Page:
This guide is intended to provide an index and glossary of the various technical terms frequently found during the process of making silver jewellery.
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Claw setting. Essentially this is where a silver wire is bent or manipulated into the shape of a claw.
Bezel setting. This is where the entire stone is set underneath a solid flap or edge of silver.
Pave setting. Similar to the claw, small grains of silver are pushed over round gemstones and are set in a pattern close to each other.
Channel setting. Used for square cut gemstones, two small silver walls are made to sandwiched rows of stones. No silver is visible between the gemstones.
Annealing is the method of softening the metal with heat prior to making or repairing it. With silver the annealing temperature is between 1110-1200F (the melting point of silver is 1635F). After annealing the metal should be quenched (or cooled) once it has it dropped below 930F.
To mass produce an item in large quantities a process of casting can be employed. There are various casting methods that can be used including the lost wax, mould or cuttlefish casting techniques.
The opposite method to repousse whereby lines or grooves are dug directly into the surface of the metal with a steel tool. Another verb would be indenting.
To create spheres or domes from silver. a common technique is to use a swaging or doming block into which the molten silver can be poured.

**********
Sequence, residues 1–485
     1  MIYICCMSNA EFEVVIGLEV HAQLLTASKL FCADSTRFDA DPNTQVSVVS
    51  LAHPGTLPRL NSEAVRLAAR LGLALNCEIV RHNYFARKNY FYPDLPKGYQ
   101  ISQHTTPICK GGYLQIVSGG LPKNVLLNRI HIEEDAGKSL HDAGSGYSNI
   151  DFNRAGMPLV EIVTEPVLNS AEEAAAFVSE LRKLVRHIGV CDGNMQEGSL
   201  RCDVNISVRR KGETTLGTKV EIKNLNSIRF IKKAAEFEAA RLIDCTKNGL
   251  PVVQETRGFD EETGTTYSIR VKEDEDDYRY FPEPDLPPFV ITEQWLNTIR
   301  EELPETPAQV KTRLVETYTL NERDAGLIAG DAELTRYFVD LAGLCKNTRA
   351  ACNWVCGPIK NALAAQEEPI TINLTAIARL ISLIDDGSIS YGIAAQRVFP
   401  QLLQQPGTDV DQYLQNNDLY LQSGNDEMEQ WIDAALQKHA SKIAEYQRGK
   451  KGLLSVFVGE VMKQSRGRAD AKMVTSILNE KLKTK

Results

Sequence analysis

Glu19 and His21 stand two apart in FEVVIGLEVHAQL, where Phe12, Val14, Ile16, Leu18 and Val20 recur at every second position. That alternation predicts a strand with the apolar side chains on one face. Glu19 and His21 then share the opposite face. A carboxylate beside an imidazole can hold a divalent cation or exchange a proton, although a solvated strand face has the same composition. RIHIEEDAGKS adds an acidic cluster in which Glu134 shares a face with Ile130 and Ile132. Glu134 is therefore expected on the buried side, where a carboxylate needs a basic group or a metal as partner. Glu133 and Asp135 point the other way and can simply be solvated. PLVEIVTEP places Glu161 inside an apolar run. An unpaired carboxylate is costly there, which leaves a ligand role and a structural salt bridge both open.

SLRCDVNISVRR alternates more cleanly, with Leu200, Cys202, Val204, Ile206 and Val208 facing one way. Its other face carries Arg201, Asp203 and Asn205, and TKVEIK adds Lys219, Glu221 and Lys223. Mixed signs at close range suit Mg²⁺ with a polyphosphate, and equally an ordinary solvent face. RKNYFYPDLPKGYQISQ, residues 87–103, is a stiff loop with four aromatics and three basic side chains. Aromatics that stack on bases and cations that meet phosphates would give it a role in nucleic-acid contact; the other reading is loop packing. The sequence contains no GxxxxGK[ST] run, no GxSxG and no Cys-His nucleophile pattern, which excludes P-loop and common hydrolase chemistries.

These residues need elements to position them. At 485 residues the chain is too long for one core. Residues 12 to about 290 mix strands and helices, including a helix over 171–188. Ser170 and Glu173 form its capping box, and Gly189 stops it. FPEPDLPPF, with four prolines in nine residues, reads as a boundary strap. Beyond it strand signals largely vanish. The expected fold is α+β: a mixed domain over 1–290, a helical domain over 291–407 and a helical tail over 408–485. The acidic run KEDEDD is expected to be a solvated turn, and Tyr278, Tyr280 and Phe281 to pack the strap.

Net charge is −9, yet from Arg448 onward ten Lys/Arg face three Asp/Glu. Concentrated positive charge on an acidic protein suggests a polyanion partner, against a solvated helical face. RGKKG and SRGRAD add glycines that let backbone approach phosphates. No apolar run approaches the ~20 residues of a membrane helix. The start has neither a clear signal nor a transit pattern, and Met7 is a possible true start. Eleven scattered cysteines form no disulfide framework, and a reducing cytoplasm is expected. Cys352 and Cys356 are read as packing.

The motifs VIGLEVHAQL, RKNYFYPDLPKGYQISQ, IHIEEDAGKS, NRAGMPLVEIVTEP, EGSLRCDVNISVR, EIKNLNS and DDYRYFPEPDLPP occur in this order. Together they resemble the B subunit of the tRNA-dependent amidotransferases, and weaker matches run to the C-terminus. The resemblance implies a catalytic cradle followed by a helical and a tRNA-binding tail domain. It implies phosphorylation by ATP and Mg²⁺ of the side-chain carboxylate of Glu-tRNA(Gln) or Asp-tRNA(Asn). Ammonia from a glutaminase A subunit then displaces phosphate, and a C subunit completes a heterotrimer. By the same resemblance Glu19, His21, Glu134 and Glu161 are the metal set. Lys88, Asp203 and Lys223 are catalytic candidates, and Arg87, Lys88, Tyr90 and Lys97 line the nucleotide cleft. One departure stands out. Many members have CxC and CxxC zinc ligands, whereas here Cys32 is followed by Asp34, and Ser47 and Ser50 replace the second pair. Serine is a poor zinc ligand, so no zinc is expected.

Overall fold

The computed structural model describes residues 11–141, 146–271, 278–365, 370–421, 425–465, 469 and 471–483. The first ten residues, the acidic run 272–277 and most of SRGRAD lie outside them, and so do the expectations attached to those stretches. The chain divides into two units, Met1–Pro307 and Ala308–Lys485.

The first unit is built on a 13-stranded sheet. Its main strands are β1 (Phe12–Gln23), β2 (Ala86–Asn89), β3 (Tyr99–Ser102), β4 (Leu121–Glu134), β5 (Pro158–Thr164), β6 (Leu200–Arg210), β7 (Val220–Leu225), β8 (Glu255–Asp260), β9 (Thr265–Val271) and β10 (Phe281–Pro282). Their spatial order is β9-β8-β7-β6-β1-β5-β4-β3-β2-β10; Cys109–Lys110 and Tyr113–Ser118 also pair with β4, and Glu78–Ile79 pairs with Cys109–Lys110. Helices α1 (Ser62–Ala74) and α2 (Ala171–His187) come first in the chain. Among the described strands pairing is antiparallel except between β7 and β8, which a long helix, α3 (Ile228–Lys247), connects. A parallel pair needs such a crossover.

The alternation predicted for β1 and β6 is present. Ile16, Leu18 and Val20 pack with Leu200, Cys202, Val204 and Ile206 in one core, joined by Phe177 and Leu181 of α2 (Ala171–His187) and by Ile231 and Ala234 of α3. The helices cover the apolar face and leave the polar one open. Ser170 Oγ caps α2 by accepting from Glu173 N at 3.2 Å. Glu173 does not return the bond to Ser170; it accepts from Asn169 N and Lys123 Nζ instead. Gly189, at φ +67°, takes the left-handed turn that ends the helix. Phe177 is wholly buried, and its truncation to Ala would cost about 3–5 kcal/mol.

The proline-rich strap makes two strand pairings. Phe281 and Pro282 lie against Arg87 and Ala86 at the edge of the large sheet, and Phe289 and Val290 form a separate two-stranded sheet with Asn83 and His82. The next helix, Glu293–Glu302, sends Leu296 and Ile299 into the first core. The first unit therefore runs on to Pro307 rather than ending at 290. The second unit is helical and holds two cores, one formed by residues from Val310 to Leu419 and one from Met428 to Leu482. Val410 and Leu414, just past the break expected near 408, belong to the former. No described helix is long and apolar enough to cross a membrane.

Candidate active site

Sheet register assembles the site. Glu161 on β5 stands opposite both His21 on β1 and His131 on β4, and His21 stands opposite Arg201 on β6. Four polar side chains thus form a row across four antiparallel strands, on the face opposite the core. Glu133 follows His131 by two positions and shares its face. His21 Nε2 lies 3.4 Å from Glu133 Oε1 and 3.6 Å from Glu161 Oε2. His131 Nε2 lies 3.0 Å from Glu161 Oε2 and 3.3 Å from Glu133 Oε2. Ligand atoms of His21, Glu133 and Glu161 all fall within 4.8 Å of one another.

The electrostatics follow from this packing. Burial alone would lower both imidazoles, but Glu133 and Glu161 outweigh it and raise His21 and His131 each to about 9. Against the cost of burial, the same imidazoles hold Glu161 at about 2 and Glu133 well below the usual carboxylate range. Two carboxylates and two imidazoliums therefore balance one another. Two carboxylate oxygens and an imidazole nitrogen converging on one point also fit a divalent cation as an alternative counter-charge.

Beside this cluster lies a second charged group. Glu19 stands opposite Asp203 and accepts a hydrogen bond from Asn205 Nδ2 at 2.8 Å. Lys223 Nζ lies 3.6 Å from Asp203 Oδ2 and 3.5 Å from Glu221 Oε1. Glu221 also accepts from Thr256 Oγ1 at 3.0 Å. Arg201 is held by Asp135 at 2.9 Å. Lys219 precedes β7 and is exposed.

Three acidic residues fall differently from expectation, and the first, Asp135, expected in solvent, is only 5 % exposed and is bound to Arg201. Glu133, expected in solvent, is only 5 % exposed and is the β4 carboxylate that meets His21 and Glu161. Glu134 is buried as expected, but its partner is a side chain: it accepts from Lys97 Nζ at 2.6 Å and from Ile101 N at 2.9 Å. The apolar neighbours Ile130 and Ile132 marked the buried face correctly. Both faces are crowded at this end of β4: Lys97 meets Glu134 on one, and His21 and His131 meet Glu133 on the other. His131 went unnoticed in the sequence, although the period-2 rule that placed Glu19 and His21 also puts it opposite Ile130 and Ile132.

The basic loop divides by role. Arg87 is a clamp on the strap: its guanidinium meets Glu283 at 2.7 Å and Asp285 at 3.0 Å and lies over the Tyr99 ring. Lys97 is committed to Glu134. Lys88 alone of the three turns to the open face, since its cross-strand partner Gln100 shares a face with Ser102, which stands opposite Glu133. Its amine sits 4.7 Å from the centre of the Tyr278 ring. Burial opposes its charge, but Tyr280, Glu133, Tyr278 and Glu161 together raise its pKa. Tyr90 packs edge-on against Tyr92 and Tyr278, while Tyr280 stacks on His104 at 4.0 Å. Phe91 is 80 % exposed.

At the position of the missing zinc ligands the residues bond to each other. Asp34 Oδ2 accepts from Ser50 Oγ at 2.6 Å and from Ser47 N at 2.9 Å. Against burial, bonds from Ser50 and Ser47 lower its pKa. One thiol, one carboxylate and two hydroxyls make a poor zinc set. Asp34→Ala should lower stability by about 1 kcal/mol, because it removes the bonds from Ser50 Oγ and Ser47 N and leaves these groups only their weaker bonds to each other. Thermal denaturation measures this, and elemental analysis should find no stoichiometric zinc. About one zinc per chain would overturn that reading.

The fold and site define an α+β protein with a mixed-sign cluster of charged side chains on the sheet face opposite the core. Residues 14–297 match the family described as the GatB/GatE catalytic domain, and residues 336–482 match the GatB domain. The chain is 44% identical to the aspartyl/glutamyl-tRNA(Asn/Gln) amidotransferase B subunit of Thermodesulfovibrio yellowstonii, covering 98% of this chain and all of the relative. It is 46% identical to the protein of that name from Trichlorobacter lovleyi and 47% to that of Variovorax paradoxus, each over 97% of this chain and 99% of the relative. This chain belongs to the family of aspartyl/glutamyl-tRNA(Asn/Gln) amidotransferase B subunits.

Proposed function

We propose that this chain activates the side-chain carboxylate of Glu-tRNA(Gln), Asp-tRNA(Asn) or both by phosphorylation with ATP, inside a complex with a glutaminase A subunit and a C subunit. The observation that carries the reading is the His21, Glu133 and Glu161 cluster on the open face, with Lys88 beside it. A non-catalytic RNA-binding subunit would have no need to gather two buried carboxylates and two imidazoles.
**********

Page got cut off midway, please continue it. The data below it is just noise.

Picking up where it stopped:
Forging is the method of curving, stretching, flattening and shaping the silver by applying force from different directions with different shaped hammers.
Joining different parts of the silver by using purely heat and not solder i.e. the metal fuses together.
Lines or shapes can be grooved or cut of the silver and then another metal, wood, stone etc can be laid into the channels or grooves.
A tool used for shaping jewellery items. For rings, they are known as "Triblets" or Ring"mandrels" which is a long tapered tool made of steel that is marked in ring sizes from A to Z. (mandrels are used for more than just stretching rings e.g. bezels). The ring "mandral" is sometimes also used for shaping and forming rings.
A technique whereby the surface of the metal is decorated in such a way as to resemble the grains of a wood. It can be achieved using layers of metals of a different colour soldered together.
The process of using chemicals to clean the metal after it has been heated. When the silver is heated, oxides appear of the surface which then can be removed by pickling. We use alum although Sulphuric acid is more than effective.
"Repousse" is the art of working with punches from the back of an item to form lines and shapes to create a 3 dimensional effect from the front.
The art of making veins or fibres, for example a leaf, appear across the silver. Reticulation can be achieved by repeating various heat treatments at different stages.
Details of the composition of silver jewellery can be found on this site.